as the ease with which it could be implemented into hybrid cars, and the very small impact it
would have on the weight of the car. Solar panels, which can add anywhere from 3-8 pounds per
square foot, would contribute a greater amount to the final weight of the car, which would impact
gains in fuel efficiency, invalidating any energy generated using the solar panels.
The team also used the AHP Design Matrix (Table 2) to weight the different features of
the designs in order of importance, and incorporated this into a design selection matrix (Table 3)
to aid in selection of the final design. In each area, the team scored the individual design
concepts on a scale of 1-5, and using the weighted scores generated by the matrix, came to a final
decision as to which design concept with which to move forward.

Table 2: AHP Design Matrix

piezoelectric shock


solar panel roof

police control of car


maintain original function 0.148




recycled materials






ease of repair









Table 3: Design Selection Matrix

Final Description

Figure 3: Shock absorber with PZT disc inserted

The final concept selection is a retrofit of existing shock absorber designs, by inserting
the piezoelectric material. This method is a more feasible option rather than a total redesign and
remodel of the shock absorber. Piezoelectric discs will be placed within the absorber to capture
the compression energy from the shock absorbers motion. The plan is to use Lead zirconate
titanate, or PZT ceramic materials. These are the most common types of piezoelectric materials.
The generated energy will travel through wires to charge the battery of the car. Choosing to do a
retrofit proved to be the best fit for our customer needs, while also being the simplest way to go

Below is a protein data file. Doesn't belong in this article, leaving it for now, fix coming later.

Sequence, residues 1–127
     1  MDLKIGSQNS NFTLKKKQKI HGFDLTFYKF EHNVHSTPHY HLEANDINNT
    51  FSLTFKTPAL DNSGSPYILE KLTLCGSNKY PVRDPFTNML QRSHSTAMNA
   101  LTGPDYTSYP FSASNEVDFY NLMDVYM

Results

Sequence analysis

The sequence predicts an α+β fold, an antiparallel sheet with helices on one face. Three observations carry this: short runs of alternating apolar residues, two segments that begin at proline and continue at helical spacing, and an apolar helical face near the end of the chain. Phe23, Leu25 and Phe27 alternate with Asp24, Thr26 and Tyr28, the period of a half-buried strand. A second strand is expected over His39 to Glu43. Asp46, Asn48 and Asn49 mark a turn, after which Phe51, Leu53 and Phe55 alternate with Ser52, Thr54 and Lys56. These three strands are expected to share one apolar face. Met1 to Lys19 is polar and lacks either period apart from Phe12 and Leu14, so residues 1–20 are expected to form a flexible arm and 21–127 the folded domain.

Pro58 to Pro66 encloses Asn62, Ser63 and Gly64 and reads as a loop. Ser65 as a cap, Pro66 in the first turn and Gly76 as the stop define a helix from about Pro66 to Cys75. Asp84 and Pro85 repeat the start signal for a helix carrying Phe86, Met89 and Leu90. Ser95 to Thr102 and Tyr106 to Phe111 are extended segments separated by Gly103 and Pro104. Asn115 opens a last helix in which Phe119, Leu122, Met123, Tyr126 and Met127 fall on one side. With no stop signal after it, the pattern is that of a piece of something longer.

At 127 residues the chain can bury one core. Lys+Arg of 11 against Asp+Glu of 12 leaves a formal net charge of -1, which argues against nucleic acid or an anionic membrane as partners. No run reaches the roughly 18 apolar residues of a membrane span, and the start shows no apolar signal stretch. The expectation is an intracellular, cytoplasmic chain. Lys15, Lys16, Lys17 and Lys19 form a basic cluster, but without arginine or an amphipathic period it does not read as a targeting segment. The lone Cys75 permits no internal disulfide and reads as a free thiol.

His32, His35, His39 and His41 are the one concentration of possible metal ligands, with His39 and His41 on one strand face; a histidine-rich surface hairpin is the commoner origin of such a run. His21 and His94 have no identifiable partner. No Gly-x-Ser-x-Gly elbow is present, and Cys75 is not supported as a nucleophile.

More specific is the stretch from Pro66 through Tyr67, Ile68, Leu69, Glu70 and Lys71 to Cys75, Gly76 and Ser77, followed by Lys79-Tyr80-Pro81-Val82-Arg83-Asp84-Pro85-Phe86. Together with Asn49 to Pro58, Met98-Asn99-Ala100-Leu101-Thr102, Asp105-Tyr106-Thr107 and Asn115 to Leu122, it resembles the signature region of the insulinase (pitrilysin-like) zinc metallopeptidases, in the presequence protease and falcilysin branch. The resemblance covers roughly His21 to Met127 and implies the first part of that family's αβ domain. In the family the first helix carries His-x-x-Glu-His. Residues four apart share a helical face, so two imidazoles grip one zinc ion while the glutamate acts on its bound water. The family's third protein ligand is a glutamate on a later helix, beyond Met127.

about creating a good product.

System Diagrams

Figure 4: Schematic of piezoelectric disc

Figure 4 displays the basic principles of how piezoelectric materials function. Under
compression these materials become polarized and generate energy. Additionally, if voltage is
applied to the disc, it will compress or expand accordingly. However, this function of the disc
will not be used inside the shock absorber.

Figure 5: Simple input and output chart for the shock absorber

The inputs in figure 5 are rather simple, with the only one being motion from the car. As
the car moves along the road, compression of the PZT transducer outputs power, and it is
transported to the cars battery. Additionally as CPU monitoring subsystem is in place to
provide a value of the energy produced by the PZT transducer. This info will be displayed as a
dashboard component.

Figure 6: Electrical connections in the shock absorber system

The Piezoelectric absorbers generate energy while the car is in motion through the
compression of the piezoelectric discs. As shown in Figure 6, that energy then travels through
the wiring system connecting to the hybrid car battery. This energy is directly used to aid in the
charging of the battery.

The average commute time in America is 25.4 minutes according to the U.S. census
bureau. That means that the piezoelectric will be harvesting energy for roughly 55 minutes a day.
Currently, depending on the road, the piezoelectric shock absorber will improve the fuel
economy by around two to eight percent. The efficiency of piezoelectrics is sure to improve in
the future, increasing the amount of energy saved. The piezoelectric shock absorber is
completely passive and does not require power from the car to operate.

Total Cost Analysis